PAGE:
Juan de Pareja, Afro-Hispanic Painter Exhibition
April 03, 2023 - July 16, 2023 | All day
This exhibition offers an unprecedented look at the life and artistic achievements of seventeenth-century Afro-Hispanic painter Juan de Pareja (ca. 1608–1670). Largely known today as the subject of The Met’s iconic portrait by Diego Velázquez, Pareja was enslaved in Velázquez’s studio for over two decades before becoming an artist in his own right. This presentation is the first to tell his story and examine the role of enslaved artisanal labor and a multiracial society in the art and material culture of Spain’s so-called “Golden Age.”
Harlem Renaissance collector and scholar Arturo Schomburg was vital to the recovery of Pareja’s work and serves as a thread connecting seventeenth-century Spain with twentieth-century New York, providing a lens through which to view the multiple histories that have been written about Pareja.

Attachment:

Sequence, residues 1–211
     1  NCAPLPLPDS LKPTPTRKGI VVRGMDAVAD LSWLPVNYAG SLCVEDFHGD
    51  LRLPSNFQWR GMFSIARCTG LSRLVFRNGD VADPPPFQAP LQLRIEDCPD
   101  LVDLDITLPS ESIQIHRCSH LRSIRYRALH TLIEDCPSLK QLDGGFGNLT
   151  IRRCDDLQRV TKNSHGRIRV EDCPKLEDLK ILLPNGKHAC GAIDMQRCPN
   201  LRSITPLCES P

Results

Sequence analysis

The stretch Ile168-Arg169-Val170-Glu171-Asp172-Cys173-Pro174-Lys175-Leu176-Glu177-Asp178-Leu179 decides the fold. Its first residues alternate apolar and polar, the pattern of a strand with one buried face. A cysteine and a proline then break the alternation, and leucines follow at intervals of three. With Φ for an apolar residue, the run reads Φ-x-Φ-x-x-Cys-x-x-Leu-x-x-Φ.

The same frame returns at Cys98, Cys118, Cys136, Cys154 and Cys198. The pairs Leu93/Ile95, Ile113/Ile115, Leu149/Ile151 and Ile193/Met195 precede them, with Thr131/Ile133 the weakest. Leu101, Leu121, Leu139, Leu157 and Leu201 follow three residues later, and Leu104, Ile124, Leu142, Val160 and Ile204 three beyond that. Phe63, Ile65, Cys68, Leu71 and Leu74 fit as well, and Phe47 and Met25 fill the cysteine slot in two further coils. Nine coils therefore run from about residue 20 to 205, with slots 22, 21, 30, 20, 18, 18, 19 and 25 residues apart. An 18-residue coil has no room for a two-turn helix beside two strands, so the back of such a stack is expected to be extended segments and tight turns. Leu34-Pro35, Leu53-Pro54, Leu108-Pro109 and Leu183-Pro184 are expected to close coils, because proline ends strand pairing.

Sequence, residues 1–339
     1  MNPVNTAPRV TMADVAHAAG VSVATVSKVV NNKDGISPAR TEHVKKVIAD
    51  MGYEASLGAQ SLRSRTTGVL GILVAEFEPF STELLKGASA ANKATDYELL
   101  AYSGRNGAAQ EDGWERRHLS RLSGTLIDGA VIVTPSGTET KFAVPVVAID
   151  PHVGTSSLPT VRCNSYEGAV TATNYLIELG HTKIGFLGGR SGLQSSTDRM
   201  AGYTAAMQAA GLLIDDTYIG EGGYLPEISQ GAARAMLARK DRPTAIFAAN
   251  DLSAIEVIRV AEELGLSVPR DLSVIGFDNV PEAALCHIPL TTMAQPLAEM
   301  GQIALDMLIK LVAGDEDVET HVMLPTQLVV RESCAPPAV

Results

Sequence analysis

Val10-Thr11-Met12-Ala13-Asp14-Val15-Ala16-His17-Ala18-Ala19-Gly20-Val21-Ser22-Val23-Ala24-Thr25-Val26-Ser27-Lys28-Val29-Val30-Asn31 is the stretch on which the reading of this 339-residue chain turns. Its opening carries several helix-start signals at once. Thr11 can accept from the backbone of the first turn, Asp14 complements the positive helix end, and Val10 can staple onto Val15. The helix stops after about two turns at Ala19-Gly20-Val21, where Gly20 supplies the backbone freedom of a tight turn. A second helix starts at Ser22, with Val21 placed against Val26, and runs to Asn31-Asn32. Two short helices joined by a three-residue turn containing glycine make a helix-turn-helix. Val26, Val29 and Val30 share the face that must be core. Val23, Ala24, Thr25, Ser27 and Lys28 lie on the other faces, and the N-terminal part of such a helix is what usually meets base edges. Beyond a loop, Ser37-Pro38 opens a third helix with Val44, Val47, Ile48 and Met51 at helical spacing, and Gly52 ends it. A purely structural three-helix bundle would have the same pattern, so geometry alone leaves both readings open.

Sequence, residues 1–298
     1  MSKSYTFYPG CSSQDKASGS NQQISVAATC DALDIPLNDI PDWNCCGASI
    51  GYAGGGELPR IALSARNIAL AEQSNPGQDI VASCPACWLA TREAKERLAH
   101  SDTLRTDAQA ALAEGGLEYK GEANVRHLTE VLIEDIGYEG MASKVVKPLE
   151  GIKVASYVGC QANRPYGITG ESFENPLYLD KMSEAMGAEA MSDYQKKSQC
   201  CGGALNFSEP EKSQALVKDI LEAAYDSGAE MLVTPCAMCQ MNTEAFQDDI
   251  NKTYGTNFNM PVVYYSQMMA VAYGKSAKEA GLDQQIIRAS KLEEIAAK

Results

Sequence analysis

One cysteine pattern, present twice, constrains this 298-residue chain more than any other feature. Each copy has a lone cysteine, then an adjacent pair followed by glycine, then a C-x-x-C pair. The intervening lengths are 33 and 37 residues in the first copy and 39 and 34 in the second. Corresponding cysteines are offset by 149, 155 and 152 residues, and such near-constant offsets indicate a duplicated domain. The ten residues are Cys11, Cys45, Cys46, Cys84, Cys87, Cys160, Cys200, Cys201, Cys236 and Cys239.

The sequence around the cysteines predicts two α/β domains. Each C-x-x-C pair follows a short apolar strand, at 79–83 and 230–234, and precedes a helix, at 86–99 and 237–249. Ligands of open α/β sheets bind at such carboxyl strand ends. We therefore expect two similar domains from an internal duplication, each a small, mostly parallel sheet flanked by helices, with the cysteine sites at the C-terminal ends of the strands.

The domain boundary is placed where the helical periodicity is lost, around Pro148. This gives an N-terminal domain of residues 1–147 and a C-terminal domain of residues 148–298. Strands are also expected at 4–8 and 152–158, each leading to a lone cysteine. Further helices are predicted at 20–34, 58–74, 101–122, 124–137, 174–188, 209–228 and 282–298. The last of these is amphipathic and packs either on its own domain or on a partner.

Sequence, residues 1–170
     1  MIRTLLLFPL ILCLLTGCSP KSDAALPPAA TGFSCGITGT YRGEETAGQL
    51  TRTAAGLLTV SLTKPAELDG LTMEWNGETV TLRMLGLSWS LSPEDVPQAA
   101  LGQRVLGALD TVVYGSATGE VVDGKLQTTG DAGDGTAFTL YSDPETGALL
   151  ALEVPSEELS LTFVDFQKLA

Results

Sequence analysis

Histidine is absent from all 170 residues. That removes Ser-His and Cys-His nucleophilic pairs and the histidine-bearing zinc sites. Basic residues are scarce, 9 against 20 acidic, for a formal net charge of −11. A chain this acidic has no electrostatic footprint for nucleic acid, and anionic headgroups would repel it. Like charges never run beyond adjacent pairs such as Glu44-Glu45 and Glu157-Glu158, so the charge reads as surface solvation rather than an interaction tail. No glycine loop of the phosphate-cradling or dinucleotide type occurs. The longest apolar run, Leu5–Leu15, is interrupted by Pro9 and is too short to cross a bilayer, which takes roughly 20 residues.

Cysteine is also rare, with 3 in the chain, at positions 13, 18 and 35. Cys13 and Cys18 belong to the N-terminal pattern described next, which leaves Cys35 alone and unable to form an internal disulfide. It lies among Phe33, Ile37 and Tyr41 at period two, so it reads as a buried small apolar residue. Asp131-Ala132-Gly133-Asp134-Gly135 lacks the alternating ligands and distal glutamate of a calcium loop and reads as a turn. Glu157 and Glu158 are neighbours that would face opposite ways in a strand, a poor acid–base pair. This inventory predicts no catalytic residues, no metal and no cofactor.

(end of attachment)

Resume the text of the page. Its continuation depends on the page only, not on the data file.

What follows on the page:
SUNY Press author and series editor Vanessa K. Valdés, is the exhibition co-curator and Associate Provost for Community Engagement and Professor of Spanish and Portuguese at The City College of New York, added, “Pareja’s artistic legacy reverberates across the canons of Western art and the African diaspora into our time. This project follows in the footsteps of Arturo Schomburg and joins the efforts of scholars who continue to recover the contributions of all peoples of African descent, including those of Afro-Hispanic heritage like Pareja, in order to better understand the full complexity and richness of the global Black experience.”
New York, NY - The Met Fifth Avenue, Galleries 955 and 960–962